The upper ocean heat budget in the western equatorial Pacific warm pool is analyzed for a 3-month period from mid-September through mid-December 1992 using data from the Tropical Atmosphere Ocean (TAO) array enhanced for the Coupled Ocean Atmosphere Response Experiment. Surface heat and moisture fluxes were measured from a centrally located TAO current meter mooring at 0°, 156°E. Lateral heat advection was estimated using temperature data from moorings within 150–250 km of 0°, 156°E. Mixing was estimated as the residual of the heat balance and compared to estimates of mixing based on the Niiler-Kraus parameterization of entrainment mixing. The analysis shows that for the diurnal cycle and for daily to weekly timescale variations like those associated with westerly wind bursts, the sea surface temperature (SST) variability is to a large extent controlled by shortwave radiation and latent heat flux. However, three-dimensional processes can also be important. For example, in early October 1992, the SST at 0°, 156°E increased by nearly 1°C in 7 days due predominately to westward heat advection. Also, the dynamical response to a moderately strong wind burst in late October 1992 included a deepening of the pycnocline, which affected the rate of entrainment cooling, and a reversal of the surface current, which affected the zonal heat advection. The importance of three-dimensional processes (particularly heat advection) in the warm-pool heat balance during this 3-month study period is confirmed by comparing the observed temperature variability with that simulated by a one-dimensional mixed layer model.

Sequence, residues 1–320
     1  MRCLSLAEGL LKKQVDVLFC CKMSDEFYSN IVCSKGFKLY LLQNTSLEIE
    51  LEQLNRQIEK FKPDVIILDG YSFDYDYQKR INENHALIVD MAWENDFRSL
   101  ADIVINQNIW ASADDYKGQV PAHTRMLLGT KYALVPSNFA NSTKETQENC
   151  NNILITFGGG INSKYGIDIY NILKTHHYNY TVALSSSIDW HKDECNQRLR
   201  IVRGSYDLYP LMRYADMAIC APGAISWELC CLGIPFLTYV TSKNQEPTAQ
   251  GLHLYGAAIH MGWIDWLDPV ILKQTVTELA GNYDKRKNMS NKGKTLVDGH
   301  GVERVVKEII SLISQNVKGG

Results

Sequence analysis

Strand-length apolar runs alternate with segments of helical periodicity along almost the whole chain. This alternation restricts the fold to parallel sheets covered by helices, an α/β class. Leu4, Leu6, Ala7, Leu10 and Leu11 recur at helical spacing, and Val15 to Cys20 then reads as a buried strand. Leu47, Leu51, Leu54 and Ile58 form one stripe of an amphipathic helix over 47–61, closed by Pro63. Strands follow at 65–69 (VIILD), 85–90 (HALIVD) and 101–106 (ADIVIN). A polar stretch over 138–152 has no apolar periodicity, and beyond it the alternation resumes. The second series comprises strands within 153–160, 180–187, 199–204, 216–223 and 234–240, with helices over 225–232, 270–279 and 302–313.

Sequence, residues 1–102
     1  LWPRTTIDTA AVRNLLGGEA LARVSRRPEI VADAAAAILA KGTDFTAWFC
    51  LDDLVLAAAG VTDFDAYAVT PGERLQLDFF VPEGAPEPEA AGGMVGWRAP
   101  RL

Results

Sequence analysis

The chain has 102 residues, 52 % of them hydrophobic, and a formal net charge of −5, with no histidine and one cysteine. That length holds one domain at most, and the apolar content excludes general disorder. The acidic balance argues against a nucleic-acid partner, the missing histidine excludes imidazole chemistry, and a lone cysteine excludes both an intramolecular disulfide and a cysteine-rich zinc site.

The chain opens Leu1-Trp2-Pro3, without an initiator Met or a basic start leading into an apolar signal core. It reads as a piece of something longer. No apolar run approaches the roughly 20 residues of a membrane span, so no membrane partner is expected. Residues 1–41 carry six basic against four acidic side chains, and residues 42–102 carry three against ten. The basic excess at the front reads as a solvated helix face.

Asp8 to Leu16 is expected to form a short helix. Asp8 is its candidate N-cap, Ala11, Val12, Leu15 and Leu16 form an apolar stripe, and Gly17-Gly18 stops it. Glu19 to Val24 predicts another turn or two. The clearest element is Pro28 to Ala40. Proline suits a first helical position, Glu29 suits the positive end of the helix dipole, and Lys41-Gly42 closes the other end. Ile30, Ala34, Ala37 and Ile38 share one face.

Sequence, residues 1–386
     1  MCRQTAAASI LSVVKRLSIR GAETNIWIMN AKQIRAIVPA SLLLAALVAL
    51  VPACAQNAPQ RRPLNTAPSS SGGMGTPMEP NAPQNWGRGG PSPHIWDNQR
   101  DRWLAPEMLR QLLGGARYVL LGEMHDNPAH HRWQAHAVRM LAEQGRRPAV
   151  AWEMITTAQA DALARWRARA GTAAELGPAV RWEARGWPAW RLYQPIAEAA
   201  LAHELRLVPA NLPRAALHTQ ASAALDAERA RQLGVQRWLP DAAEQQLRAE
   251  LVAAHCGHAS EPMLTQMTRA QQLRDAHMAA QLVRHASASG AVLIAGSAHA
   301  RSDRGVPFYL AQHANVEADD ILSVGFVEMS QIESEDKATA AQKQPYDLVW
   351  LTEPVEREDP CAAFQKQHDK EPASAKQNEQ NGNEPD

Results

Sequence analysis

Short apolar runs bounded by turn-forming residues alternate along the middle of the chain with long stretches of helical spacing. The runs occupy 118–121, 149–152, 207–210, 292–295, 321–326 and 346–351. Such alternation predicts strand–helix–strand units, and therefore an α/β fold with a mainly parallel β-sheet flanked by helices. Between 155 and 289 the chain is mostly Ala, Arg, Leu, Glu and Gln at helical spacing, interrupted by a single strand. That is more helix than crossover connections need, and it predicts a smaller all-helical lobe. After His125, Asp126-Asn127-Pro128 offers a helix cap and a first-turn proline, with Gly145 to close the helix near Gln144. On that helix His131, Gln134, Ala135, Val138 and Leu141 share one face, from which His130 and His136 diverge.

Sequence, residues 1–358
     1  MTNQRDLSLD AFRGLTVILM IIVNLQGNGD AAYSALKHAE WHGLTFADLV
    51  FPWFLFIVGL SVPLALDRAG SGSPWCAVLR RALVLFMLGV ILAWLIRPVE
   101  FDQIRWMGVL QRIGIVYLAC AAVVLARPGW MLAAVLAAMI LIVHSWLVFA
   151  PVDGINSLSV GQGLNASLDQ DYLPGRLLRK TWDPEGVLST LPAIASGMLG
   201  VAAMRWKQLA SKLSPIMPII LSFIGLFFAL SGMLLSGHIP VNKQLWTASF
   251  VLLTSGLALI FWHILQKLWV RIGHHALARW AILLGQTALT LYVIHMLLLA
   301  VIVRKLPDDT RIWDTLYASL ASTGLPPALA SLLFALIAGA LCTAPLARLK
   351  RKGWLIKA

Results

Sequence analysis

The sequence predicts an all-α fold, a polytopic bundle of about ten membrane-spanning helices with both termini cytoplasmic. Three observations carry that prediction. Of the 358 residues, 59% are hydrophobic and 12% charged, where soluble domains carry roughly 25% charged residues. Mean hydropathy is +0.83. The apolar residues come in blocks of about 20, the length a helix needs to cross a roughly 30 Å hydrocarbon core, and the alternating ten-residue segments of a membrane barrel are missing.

PMEL Outstanding Papers
PMEL Publications Search